Politics & Policy

High Yield or Junk?

EDITOR’S NOTE: The August 31, 1992, issue of National Review, set out to set the record straight about the Reagan administration’s economic record. We reprint the content of the issue here.

In the search for simple causes of the nation’s economic problems, corporate debt became a familiar scapegoat. The received opinion is that U.S. business accumulated excessive debt loads during the Eighties largely through takeovers, which also caused massive job loss. In this legend, corporate financial practice (particularly the reliance on junk bonds) was a matter of paper shuffling that produced no economic value. Debt distorted economic horizons, leading to chronic “short-termism,” and the high-yield-bond market was a “Ponzi scheme” that led to an inevitable market collapse, causing major disruptions in the financial-services industry (e.g., the S&L crisis).

This near demonic view of corporate debt and high-yield securities dates from the takeover battles of the mid 1980s. As Robert Bartley notes, “Much of the concern over leverage, finally is connected to the takeover wars, to the battle between those trying to protect old capital and those trying to build new capital.”

Basically, no one heard a peep about excessive debt or takeovers prior to the mid Eighties. In fact, the Business Roundtable and Fortune 500 companies that promoted new regulations on credit access and ownership change in the Eighties had opposed restrictions on takeovers during the Carter years when they were the only companies that were able to finance large-scale acquisitions. But by the mid Eighties, when merger-and-acquisition departments on Wall Street had discovered high-yield financing as a means to launch takeover bids, old-money firms and their white-shoe investment banks sought protection not by offering a better deal to their shareholders, but by going to courts, legislators, and regulatory bodies.

How many big oil companies wanted to see another Boone Pickens, and how many Revlons wanted to see another Ron Pearlman preaching the doctrine of market efficiency? Moreover, corporate control was not the only area where entrenched and protected managers were losing ground. Market share in major industries was being eroded by entrepreneurial newcomers who deftly leveraged growth through what was then the lowest cost of capital-debt. How many more Bill McGowans and MCIs could AT&T stand? How interested were CBS and ABC/Capital Cities in seeing Ted Turner or TCI or MTV coming into their markets? Whether the assault on corporate power appeared in the form of a takeover bid or in the form of a new, more technologically and financially adept competitor, the main cause of concern for those holding on to their seats in the corporate suites was the new channels of capital access that had been carved into the securities markets.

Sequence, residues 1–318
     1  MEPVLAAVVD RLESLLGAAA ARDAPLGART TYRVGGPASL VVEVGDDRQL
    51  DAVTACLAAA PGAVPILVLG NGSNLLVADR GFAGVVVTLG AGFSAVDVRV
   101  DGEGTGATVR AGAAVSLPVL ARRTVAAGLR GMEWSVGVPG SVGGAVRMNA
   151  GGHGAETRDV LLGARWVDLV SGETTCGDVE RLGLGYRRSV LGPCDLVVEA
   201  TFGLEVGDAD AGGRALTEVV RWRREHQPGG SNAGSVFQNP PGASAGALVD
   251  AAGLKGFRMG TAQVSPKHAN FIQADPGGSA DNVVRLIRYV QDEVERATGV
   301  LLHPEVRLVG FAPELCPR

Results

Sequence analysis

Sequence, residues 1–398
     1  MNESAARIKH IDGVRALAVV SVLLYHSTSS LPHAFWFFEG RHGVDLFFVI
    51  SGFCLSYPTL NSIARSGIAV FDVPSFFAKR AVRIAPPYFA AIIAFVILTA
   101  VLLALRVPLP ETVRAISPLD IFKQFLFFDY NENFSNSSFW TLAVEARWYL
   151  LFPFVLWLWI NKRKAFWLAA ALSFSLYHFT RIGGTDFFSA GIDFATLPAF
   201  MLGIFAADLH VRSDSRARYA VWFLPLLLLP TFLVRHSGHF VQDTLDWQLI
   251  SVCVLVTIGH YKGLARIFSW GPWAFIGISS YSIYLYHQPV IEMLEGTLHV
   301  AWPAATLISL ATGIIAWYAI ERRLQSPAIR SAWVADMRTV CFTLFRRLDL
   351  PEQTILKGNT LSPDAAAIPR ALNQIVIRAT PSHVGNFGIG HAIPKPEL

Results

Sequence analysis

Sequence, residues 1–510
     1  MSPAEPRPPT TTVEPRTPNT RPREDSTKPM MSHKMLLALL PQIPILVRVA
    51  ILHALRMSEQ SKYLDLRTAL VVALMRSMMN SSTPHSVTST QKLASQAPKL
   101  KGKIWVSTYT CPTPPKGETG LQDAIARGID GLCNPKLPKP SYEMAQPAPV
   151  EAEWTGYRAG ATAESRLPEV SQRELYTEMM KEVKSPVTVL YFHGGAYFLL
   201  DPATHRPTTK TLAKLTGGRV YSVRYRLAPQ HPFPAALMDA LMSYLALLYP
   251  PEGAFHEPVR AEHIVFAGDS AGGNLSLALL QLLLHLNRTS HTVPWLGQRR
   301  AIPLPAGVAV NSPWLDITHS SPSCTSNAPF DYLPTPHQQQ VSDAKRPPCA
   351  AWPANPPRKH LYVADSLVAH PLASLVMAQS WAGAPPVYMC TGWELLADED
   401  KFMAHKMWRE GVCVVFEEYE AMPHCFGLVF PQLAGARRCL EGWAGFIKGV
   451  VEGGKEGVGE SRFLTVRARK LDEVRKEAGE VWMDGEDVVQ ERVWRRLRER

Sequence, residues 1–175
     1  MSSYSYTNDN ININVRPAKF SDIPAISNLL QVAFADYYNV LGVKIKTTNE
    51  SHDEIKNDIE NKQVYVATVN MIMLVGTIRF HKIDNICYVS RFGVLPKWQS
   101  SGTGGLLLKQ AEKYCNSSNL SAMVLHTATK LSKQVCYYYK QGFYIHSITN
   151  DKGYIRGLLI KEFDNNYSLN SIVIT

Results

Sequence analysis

Demythologizing Junk Bonds

Nowhere is the gap between empirical evidence and public perception greater than in the case of high-yield securities and the capital access created in the Eighties. To demythologize the changes that occurred, we need to examine each of the distorted propositions in turn.

Myth 1: Debt destroyed jobs.

“Thousands of workers lost their jobs, companies loaded up with debt to pay for deals, profits were sacrificed to pay interest costs on the borrowings, and even so, many companies were eventually forced into bankruptcy.”

-James Stewart, Den of Thieves

When access to capital was opened up, the greatest period of job growth since World War II ensued. It is true that the largest firms eliminated jobs. However, while the 800 investment-grade firms decreased employment by 4 per cent, non-investment-grade firms increased employment by 24 per cent. Examining job loss in the Fortune 500 companies for the same period was around 2 million, while the overall economy added 12 million jobs. In my own research on high-yield companies, I found that job growth was six times higher among non-investment-grade companies than industry averages and that those companies exhibited one-third greater growth in productively, 50 per cent greater growth in sales and about three times greater growth in capital spending than U.S. industry generally.